Revelation 7:1-17 Prepared for Protection

Revelation 7:1-17 Prepared for Protection April 4, 2016

Revelation 7:1-17 Prepared for Protection

We have seen God reveal to John the Risen and returning Messiah ready to come and take possession and power over the Earth. We have seen Jesus speak to the churches about the present persecution and to be prepared for His return. We have seen the first set of six seals which open up the events on Earth to be ready for the judgment of God. Now we come to a pause.

In many adventure films, there is a pause where the hero and his/her band of followers stop to assess the threat that will soon appear and to prepare themselves for the difficult journey ahead. The Mos Eisley Cantina in Star Wars, the Elvish home of Rivendell in Lord of the Rings, the build-up of Operation Desert Shield before it turned into Operation Desert Storm in the 1991 Gulf War. They all represent times of preparation before the inevitable fight that will take place.

Some theologians makes the case that this sealing does not happen after the horseman vision earlier in the chapter. Instead, they claim that this measure of protection is given before the first four seals. They claim that: God’s control over the horsemen/winds ensures that his church is sealed and secure before they ride forth.1 There might be some truth to that. Yet, the point of this pause is for the people of God to be prepared for protection to be ready to overcome what they may soon encounter.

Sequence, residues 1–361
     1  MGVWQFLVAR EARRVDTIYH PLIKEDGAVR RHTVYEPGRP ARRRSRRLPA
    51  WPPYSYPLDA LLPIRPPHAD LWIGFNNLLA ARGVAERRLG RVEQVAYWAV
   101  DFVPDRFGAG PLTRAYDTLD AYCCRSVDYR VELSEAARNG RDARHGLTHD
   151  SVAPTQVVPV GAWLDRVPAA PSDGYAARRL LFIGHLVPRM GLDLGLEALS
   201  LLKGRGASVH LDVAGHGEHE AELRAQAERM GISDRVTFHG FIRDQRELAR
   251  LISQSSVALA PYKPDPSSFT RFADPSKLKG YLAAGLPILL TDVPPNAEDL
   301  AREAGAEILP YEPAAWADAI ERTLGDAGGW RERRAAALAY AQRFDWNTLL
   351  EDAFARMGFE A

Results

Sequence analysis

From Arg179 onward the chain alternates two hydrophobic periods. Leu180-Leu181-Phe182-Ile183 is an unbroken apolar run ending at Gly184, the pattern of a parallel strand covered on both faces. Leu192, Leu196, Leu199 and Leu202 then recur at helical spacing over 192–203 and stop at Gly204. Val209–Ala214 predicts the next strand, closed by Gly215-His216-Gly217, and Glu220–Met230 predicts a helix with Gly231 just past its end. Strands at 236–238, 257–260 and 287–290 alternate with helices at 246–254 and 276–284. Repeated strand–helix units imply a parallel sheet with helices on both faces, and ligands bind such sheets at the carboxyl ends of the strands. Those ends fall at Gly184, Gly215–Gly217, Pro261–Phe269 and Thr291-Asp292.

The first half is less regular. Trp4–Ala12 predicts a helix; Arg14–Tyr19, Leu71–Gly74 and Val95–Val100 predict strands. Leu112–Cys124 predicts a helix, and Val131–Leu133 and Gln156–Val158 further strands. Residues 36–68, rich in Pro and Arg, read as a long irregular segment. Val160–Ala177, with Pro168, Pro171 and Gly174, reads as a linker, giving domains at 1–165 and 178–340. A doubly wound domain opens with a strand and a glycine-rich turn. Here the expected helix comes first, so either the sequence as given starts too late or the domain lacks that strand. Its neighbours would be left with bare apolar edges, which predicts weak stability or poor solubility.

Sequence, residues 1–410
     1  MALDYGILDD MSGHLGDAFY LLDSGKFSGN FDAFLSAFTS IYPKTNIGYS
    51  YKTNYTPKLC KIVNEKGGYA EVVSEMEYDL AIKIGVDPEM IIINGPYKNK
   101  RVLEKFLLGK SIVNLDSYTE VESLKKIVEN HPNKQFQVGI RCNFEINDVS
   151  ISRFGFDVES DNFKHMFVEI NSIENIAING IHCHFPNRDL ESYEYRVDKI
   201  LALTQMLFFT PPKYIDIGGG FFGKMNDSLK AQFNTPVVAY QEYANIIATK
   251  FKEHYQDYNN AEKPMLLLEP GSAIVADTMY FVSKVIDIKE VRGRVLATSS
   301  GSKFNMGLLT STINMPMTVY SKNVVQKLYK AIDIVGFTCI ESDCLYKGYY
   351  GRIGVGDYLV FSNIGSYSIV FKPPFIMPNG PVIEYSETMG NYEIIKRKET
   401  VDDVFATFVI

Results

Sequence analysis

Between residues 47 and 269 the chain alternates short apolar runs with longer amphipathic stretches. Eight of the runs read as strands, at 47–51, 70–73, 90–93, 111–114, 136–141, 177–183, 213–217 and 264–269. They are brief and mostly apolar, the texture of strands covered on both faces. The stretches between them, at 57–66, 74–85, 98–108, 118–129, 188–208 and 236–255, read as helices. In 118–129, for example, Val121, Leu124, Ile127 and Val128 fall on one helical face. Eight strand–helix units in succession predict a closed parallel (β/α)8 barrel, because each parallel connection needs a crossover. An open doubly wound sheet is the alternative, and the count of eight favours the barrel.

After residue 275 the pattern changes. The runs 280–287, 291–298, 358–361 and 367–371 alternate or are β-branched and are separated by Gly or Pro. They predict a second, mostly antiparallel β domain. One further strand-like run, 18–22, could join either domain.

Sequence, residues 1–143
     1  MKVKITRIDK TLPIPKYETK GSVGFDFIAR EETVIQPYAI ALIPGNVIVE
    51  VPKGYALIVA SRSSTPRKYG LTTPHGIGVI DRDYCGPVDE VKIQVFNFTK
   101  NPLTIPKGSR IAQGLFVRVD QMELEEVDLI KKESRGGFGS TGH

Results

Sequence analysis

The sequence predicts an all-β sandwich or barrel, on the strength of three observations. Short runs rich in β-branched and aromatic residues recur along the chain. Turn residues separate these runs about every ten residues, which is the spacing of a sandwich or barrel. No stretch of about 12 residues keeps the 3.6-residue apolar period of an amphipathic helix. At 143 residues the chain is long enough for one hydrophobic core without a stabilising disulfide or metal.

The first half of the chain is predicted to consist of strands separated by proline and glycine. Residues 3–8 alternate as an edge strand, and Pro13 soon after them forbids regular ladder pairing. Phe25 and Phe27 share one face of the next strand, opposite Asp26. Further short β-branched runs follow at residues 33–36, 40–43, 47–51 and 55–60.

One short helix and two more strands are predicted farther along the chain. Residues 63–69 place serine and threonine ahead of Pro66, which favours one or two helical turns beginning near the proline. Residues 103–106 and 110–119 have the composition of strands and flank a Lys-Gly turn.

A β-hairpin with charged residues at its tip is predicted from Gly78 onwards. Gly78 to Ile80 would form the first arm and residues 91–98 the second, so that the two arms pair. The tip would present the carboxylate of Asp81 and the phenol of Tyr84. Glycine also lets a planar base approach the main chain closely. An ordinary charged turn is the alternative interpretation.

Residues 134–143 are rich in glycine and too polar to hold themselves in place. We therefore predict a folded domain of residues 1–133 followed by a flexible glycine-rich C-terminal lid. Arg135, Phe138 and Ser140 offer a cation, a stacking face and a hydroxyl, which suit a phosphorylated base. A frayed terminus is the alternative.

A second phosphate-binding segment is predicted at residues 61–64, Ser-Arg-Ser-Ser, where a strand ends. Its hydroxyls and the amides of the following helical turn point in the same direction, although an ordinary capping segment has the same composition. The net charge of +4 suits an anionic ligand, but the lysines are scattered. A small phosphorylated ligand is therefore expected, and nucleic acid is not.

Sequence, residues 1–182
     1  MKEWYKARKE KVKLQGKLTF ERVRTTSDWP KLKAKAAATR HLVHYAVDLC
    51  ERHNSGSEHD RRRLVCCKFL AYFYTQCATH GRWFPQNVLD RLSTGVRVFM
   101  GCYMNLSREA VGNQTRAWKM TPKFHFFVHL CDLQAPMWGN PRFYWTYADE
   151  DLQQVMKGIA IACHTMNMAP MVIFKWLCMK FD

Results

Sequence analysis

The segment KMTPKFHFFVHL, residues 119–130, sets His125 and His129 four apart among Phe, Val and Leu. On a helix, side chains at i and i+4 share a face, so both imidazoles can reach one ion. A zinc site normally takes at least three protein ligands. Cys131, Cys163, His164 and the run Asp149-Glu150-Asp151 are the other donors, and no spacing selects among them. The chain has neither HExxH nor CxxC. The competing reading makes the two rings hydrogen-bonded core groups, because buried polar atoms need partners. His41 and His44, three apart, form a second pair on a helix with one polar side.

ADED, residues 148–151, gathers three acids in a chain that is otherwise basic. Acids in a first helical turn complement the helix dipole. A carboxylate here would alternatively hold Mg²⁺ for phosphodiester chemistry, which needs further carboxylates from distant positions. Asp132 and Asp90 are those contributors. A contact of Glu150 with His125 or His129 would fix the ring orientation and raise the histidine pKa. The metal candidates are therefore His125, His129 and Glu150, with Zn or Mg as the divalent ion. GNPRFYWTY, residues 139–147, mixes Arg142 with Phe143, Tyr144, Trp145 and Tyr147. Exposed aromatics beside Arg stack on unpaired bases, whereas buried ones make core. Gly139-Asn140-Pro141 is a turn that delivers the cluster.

As Chuck Missler notes, “six of a group of seven things will be presented, and then there is a pause with a change of subject, or a parenthetical discussion of some kind, and then the seventh thing is presented. In this case, we have six seals, and then 144,000 Israelites are sealed in chapter seven. Chapter eight then opens with the seventh seal.”2

Preparation for Protection (Revelation 7:1-3)

Five angels are involved in this call for a time of preparation for protection. Four angels hold back natural events, and in doing so postpone the events of the rest of Revelation. The point of this postponement is to get God’s people ready.

Many parenthetical interludes in Revelation (e.g., 14:1–5; 15:2–4; 20:4–6), especially hymns (12:10; 19:1–8), also concern the protection or salvation of the righteous, placing the judgment scenes in an encouraging context. Judgment serves a redemptive purpose, not only to invite repentance from the disobedient (9:20–21) but to vindicate the righteous oppressed (6:10).3